Fruits & Vegetables

Incorporating fruits into your daily diet can help boost your energy and they are a great substitute for processed sugar. Fruits are also packed with vitamin C, which is said to be essential for collagen production post-menopause. Fruits are also highly enzymatic when eaten raw. Make sure to purchase a variety of colorful fruits; eating the rainbow is beneficial for a healthy microbiome.

Green, organic vegetables should be at least 65% of your dinner plate. Choose organic produce when possible. Conventionally farmed produce is grown in mineral- and nutrient-deficient soil. Starchy vegetables should be eaten in moderation, but not forgotten. Try winter veggies like broccoli Romanesco, cucumber, Mexican sour gherkin, watermelon radish, heirloom carrot, dinosaur kale, shiso, napa cabbage and daikon radish.

Grains

Grains, like nuts and seeds, are protected by phytic acid and must be sprouted for ultimate nutrient absorption as well as to limit food sensitivities. The same process used to rinse and dehydrate nuts and grains applies to grains, as well.

Millett can be sprouted and ground and turned into flour. Ferment for a few days to cultivate a sourdough starter. The active starter and sprouted flour can be used to make homemade bread, cinnamon rolls and waffles. Visit TracyDuhs.com for directions on how to make this microbiome promoting starter.

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Herbs & Spices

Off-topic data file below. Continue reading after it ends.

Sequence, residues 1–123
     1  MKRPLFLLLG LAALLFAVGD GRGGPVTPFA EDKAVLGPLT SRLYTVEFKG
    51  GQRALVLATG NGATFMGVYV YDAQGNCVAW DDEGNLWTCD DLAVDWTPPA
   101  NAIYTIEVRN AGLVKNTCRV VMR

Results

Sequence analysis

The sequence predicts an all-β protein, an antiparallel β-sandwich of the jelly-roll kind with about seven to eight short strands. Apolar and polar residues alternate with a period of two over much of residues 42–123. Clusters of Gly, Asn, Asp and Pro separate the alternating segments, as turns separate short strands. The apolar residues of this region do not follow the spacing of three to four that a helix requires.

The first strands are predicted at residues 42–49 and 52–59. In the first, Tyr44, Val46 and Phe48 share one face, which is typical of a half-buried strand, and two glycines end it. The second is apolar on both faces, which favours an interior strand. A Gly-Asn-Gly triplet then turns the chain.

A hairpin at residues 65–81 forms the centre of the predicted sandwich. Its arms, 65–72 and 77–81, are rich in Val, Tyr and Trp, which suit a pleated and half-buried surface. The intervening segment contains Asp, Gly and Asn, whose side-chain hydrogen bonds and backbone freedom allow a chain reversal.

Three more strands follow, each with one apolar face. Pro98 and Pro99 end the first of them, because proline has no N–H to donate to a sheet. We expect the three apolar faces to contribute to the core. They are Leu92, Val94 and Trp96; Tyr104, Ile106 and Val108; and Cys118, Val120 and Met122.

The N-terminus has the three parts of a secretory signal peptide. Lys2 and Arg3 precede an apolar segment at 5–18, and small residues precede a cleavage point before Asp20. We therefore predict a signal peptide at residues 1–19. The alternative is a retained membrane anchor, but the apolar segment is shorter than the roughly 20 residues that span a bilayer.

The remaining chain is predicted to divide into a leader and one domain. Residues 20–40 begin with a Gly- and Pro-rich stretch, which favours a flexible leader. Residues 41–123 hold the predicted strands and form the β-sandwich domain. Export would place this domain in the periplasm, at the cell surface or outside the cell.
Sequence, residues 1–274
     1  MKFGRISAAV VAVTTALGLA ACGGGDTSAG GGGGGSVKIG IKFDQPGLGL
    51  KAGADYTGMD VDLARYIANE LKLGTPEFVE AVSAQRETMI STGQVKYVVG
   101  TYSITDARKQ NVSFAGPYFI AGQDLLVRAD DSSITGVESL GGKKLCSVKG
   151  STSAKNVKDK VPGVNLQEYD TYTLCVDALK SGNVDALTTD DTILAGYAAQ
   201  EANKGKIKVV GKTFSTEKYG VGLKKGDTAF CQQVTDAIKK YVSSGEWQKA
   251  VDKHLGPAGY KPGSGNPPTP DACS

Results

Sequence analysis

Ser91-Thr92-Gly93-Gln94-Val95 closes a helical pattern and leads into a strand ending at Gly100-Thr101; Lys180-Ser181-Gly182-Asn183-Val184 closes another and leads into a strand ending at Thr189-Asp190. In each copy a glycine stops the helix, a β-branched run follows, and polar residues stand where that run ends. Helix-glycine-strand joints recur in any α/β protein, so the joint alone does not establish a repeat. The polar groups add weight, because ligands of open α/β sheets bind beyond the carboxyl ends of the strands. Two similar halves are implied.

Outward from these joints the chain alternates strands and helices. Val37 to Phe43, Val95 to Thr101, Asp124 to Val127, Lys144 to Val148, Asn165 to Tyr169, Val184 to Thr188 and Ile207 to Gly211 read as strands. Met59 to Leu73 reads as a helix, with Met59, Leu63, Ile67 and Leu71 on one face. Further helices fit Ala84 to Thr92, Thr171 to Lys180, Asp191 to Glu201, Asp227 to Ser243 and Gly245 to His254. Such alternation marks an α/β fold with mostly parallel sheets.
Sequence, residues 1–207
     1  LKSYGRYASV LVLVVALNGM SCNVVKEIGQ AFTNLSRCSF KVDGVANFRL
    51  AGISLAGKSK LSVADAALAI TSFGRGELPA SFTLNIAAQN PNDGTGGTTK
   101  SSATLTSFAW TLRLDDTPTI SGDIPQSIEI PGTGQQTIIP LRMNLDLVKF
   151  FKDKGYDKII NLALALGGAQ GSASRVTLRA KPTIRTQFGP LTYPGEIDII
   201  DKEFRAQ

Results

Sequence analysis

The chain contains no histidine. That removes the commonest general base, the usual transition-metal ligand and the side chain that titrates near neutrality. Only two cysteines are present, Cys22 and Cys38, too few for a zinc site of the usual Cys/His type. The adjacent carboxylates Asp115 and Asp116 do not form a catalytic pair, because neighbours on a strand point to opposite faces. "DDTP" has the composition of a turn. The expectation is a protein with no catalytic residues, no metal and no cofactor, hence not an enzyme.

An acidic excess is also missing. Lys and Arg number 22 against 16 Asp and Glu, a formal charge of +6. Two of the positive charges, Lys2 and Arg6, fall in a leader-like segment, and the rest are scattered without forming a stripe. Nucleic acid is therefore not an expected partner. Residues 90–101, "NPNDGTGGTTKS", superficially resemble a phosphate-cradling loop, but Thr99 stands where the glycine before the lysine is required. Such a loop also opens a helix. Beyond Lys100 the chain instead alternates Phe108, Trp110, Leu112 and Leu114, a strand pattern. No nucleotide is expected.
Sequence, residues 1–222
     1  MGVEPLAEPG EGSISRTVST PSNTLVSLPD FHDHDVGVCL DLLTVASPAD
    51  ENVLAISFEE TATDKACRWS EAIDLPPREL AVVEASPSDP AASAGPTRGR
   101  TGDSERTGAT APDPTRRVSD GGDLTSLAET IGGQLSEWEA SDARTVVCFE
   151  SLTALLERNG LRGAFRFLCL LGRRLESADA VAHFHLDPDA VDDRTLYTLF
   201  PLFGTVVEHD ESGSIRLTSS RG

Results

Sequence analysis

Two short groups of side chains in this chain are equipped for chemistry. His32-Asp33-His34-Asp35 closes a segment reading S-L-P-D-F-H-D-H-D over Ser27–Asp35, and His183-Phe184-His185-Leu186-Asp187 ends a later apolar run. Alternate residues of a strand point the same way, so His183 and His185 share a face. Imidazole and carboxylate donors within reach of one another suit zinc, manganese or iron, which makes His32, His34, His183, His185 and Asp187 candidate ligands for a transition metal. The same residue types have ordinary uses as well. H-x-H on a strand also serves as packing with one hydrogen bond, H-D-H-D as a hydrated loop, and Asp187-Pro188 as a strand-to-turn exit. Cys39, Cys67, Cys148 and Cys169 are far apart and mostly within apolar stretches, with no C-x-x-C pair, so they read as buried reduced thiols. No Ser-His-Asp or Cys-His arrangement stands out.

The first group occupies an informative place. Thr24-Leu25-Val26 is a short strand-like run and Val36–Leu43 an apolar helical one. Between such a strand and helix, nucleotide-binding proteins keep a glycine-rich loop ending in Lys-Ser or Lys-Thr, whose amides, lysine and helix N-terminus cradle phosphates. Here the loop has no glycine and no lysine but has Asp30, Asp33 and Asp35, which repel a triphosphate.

Herbs and spices can increase metabolism, kill pathogens, support the immune system, add antioxidants and add flavor. Choose a wide variety of dried and fresh herbs, like fresh vanilla bean, lemongrass, basil, parsley, cilantro, fennel, cinnamon, lavender, imperial star, ashitaba, turmeric, ginger and wild ramp.

The herbs from Dr. Cowan’s Garden are harvested at peak flavor and quality and are dehydrated on low heat, around 120 degrees. Low-heat dehydration retains most of the vitamin and mineral content of the herbs. The greens are steamed before drying to release anti-nutrients and maximize flavor and digestibility. To find these items, visit DrCowansGarden.com.

Fermented foods

When it comes to foods that help build a healthy microbiome, fermented foods can be a star player if you choose them wisely. Not all fermented foods are cultivated with the same process, however, so ensure fermented veggies contain living probiotics.

Fermented foods containing live cultures of probiotics will be in the refrigerator section. Enjoy pickled vegetables like kimchi and sauerkraut with all cooked meals. This practice will help improve digestion as well as inoculate your gut with good microbes.

Adaptogens

Adaptogens are my fun foods. Add superfood adaptogens to morning smoothies to help assist your body in adapting to environmental and emotional stressors. Try raw cacao powder, matcha green tea, royal jelly, blue butterfly flower, ashwagandha, reishi, chaga or Schisandra berry.

Remember, food plays a vital role in helping us build and maintain a robust microbiome, so make sure your pantry is well-stocked with microbiome promoting items.

You can find more tips on how to live your most vibrant life at TracyDuhs.com.